Obviously he has just made this up.
True. He should have been more specific.Delete
"Under no circumstances must conservative whites ever countenance themselves to live near black people."
You do find communities where big blocs of middle-class whites and blacks live together (Evanston, IL & Oak Park, IL come to mind). The whites there don't tend to be conservative, however. I can't think of a community in the US (and I've lived in a fair number of places in the US) where conservative whites and blacks live together, though.
Great piece, love the historic sweep. Since you decided to skip over the reasons for Europe's rise to greatness, allow me to offer a few:ReplyDelete
1) The Italian Renaissance: The first intellectual awakening from the Middle Ages and the beginnings of questioning the dominance of the Catholic Church. Renaissance thinkers returned to pre-Christian antiquity (Greece and Rome) for inspiration regarding art, philosophy, literature, architecture, etc.
2) The Scientific Revolution: The single most important break from centuries of Medieval Catholic orthodox thought. Copernicus, Galileo, Newton, Descartes, etc, upended the biblical worldview and laid the groundwork for modernity and technology.
3) The Protestant Reformation: Further weakened the grip of the Catholic Church on European society.
4) The Age of Reason: The philosophical/political complement to the Scientific Revolution. Locke, Hume, Kant, Voltaire, etc. Humanistic values undermined the authority of the church and monarchies.
5) The Age of Exploration: Shipbuilding innovations by the Portuguese ushered in the globalization era and European trade with Asia, Africa and the New World. And eventually conquest and colonization.
5) The Industrial Revolution: The coup-de-grace for the Medieval world and the source of Europe's surge to the forefront of history. Until, say, 1914.
Those are arguably effects, not causes. You might ask, why WAS there a renaissance, a scientific revolution, a reformation, an enlightenment, etc.Delete
First, it is ridiculous to try to analyze the thousand years of history between the fall of Rome and the height of the Renaissance across countries as diverse as England, France, Germany, Italy and Greece. But I'll do it anyway.Delete
Two things brought about the Renaissance:
First: Muslims, who preserved the writings of ancient Greek and Roman scholars while Europeans were burning them -- either because the works were "pagan" or simply because the Europeans couldn't read and the books were more useful to keep warm in the winter.
Second: The middle class, which barely existed in the early and "high" Middle Ages, produced Renaissance luminaries like Johannes Gutenberg, Leonardo da Vinci and Nicolaus Copernicus. Increasing literacy among the middle class heavily contributed to the political and scientific movements that led to what we identify as the "Enlightenment".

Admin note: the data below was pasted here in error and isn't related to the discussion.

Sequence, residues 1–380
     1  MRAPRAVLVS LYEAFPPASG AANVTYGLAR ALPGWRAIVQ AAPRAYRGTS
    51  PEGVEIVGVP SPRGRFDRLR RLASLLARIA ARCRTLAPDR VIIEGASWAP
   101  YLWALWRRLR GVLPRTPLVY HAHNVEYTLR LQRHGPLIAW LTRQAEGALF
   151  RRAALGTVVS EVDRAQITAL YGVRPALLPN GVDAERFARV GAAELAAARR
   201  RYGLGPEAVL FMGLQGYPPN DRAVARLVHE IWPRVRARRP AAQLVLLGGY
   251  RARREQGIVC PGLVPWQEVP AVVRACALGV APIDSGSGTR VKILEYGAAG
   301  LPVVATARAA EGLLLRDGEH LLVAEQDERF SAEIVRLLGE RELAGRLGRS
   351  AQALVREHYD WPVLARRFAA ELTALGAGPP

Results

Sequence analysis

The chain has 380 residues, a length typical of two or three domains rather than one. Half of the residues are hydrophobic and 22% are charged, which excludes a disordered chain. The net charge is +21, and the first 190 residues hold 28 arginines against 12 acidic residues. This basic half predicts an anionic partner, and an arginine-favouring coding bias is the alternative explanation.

Your comment is just trash multiplied by a thousand.Delete
"disdain for science and reason"ReplyDelete
And this is pure historical idiocy: that modern science has its roots in the Middle Ages is now extremely well documented, and the High Middle Ages deserve the name "the age of reason" even more than the 18th century.
Would like to see more evidence for this view. Having "roots" in the Middle Ages is a long way from mainstream acceptance of science and reason. The church's condemnation of Copernicus and prosecution of Galileo suggest disdain by the authorities as late as the 16th century. And what High Middle Ages philosophers are you referring to? Aquinas? Maimonides? Ockham? Theologians all.Delete
Thanks for the link. Interesting stuff, I read the whole page. I even agree with some of its points about the limits of science. But I'm not sure of the relevance to this discussion. Are you saying that you don't believe in science? That the rise of Europe was due not to science and reason but to the triumph of Christianity over the infidels? What exactly?Delete
Here's some wiki links to Gene's point.Delete
While the Catholic Church did sometimes condemn people engaged in what we now call science the claims that the church engaged in whole scale persecutions of scientists are thoroughly overblown.
"Having "roots" in the Middle Ages is a long way from mainstream acceptance of science and reason. The church's condemnation of Copernicus and prosecution of Galileo suggest disdain by the authorities as late as the 16th century."Delete
This is well established in the history of science, since about 1900. And the church never "condemned" Copernicus: that is total nonsense. As far as the prosecution of Galileo goes, you really ought to read some real historians as to what was going on at that time.
A few points:ReplyDelete
But white Europeans significantly defeat their American cousins on most health outcomes
This is due mainly to the success of conservatives in blocking the implementation of universal health care (a case of all America having problems due to CWA policy triumphs).
Seems like argument by assertion.
Add to that failing economic mobility. Much is made of the economic dynamism of Red states like Texas (well, mainly Texas). But white Americans experience the least economic mobility in the South, the most conservative region. And upward mobility for whites seems to be lowest in regions with heavy sprawl.